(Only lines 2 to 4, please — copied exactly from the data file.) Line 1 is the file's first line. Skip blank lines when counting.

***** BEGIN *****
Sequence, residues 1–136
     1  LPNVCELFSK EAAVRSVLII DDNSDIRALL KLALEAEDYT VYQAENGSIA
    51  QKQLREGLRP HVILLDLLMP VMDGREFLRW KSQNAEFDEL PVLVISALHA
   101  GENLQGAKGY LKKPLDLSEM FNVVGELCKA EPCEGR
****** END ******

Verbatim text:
     1  LPNVCELFSK EAAVRSVLII DDNSDIRALL KLALEAEDYT VYQAENGSIA
    51  QKQLREGLRP HVILLDLLMP VMDGREFLRW KSQNAEFDEL PVLVISALHA
   101  GENLQGAKGY LKKPLDLSEM FNVVGELCKA EPCEGR